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About Oregon daily emerald. (Eugene, Or.) 1920-2012 | View Entire Issue (Oct. 3, 1941)
Yanks, 3 to 2;
Brooklyn’s beloved Dodgers,
behind the clutch pitching of
Whit Wyatt, roared back into
contention yesterday with a 3 to
2 win over the supposedly invin
cible New York Yankees. It was
first defeat for the Yanks in
their last ten world series games.
AB H R Ave O A E Ave
1 1 0 1.000 2 *7 1 .900
* Three double plays.
Totals for the series:
AB H R Ave O A E Ave
3 3 1 1.000 *2 **9 1 .917
* Home run in the first game.
* * Four doubles plays.
Wyatt, after being in trouble
constantly for the first four inn
ings, settled down to piteh air
tight ball in the late innings. The
Yanks pounded his offerings for
two runs and seven hits in the
first four innings but the Dodger
defense cut down several promis
ing Yankee rallies.
After Rolfe had singled infield
and Henrich had walked, the
mighty Joe DiMaggio grounded
sharply into a double play, Reese
to Herman to Camilli, to end the
inning. Again in the second the
Yanks were on the way when
Gordon was cut down at the
plate trying to score on an infield
hit by Chandler, cutting the rally
short with only one run.
The Yanks tallied their last
ruiHn the third on Henrich’s dou
ble and DiMaggio’s walk followed
by a sharp single by Keller. Two
more Yank hits in the fourth
wasted when Chandler was
thrown out by Reiser at third.
Trailing by two runs going
into the fifth, the Dodgers com
bined two hits and a pair of
walks to tie the score. Camilli
walked and went to third on
Med wick’s double to left. Lav
agetto drew a walk to fill the
IDAHO LEFT HALF
iia> mavis, 1 i O-pounds of Van
dal, and one of Schmidt’s “hocus
Howard IVianson, 166-pound
Idaho left halfback, who’ll start
against Oregon tonight.
bases and Camilli scored on a
forced play at second. Owen
then hit sharply to left to drive
Medwick home with the tying
Walker scored with the win
ning run in the sixth on Gordon’s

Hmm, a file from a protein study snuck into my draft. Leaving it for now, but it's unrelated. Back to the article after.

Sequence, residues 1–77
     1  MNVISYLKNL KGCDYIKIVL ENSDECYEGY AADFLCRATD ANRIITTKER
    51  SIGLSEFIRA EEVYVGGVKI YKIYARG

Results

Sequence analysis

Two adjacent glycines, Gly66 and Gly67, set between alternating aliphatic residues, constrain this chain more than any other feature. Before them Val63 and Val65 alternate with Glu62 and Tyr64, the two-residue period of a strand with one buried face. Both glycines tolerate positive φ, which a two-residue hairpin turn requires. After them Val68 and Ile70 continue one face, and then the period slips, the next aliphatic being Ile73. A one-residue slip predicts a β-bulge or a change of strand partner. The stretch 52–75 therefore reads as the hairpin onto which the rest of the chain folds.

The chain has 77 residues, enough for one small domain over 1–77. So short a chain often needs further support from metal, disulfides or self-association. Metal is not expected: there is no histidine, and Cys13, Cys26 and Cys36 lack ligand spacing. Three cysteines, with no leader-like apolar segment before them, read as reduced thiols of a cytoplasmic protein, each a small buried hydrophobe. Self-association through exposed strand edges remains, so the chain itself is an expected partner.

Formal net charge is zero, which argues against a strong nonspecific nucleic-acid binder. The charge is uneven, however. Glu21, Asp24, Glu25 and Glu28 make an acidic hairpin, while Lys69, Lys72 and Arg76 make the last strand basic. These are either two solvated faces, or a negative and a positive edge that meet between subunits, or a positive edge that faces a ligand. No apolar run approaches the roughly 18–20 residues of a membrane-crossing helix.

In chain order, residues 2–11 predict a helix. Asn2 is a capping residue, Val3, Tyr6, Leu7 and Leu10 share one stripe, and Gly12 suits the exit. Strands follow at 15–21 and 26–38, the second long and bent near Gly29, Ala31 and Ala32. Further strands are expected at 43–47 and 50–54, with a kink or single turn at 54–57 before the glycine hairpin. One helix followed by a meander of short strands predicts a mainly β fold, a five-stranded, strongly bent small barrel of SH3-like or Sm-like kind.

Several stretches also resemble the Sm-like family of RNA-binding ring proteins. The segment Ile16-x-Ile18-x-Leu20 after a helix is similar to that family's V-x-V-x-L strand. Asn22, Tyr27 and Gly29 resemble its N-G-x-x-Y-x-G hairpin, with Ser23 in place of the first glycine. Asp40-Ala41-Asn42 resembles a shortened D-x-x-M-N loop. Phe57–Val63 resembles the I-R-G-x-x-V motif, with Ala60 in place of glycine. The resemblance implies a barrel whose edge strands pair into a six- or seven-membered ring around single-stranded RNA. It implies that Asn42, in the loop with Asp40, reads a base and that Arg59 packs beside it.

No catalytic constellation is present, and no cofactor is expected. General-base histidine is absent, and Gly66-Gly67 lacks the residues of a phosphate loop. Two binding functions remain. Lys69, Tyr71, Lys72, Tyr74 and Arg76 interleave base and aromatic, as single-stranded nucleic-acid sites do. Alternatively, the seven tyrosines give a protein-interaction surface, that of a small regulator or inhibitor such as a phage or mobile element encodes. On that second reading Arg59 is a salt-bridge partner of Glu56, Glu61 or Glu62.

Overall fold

error and singles by Herman and
Camilli. The single by Camilli
was the first of the series for the
Dodgers’ siege gun.
Player AB R H O A E
Walrffer, rf .4 1 0 4 0 0
Herman, 2b .4 0 14 4
Reiser, cf .4 0 0 2 1
Camilli, lb .3 118 1
Medwick, If .4 12 0 0
Lavagetto, 3b ..3 0 1 1 1
Reese, ss .4 0 0 2 4
Owen, c .2 0 16 1
Wyatt, p .'3 0 0 0 1
Totals .31 3 6 27 13 2
Sturm, lb .5 0 1 11
Rolfe, 3b .5 011
Henrich, rf .4 1 1
DiMaggio, cf ... 3 0 0
Keller, If .4 1 2
Dickey, c .4 0 0
*Bordagary .0 0 0 0 0 0
Rosar, c .0 0 0 0 0 0
Gordon, 2b .1 0
Rizzuto, ss .4 0
Chandler, p .2 0
Murphy, p .1 0 0 0
** Selkirk .1 0 1 0
Totals .34 2 9 27 14 1
* Ran for Dickey in the eighth.
** Batted for Murphy in the
Losing pitcher, Chandler. Runs
batted in, Reese, Owen, Camilli,
Keller, Chandler. Doubles, Med
wick, Henrich. Bases on balls off
Wyatt 5, Chandler 2, Murphy 1.
Struck out by WTyatt 5, Chandler
2, Murphy 2. Iinnings pitched by
Chandler 5, Murphy 4. Double
plays, Gordon to Rizzuto to
Sturm 2; Dickey to Gordon;
Reese to Herman to Camilli. Left
on base by New York 9, Brooklyn
3. Umpires, Pinelli (N.L.), Grieves
(A.L.), Goetz (N.L.), McGowan
(A.L.). Attendance 66,248.
'Oliver Twist’ vs. 'Razz’ ma’ Dazz’
In Season’s First Scrap at Home;
Webfoots Hold Dress Rehearsal
Bv WALLY HUNTER
Football at it’s glittering best makes its debut tonight on
Hayward field, as Francis Schmidt brings his Idaho razz’ ma’
dazz boys to grips with a once plucked Oregon Duck, at 8
Clear snappy weather has left Hayward field in perfect con
dition for the type of ball that both teams play. Both Oliver and
Schmidt field teams that play ball the boogie-woogie way, and
A PAIR OF RAMS
Left: Bill Micklich, 194 pounds
of brawn from Moscow, who’ll
open at fullback for Idaho. Bot
tom: Jimm Newquist, Duck full
back, whom Oliver may inject as
a “clutch” runner.
Flabby Physiques Remodeled
For Credit.. 6 Painful Lessons
By DUNCAN WIMPRESS
“Hey, Joe! Come on, hurry up!
We’re goin’ to' be late to class!
What are ya’ limpin’ for?” A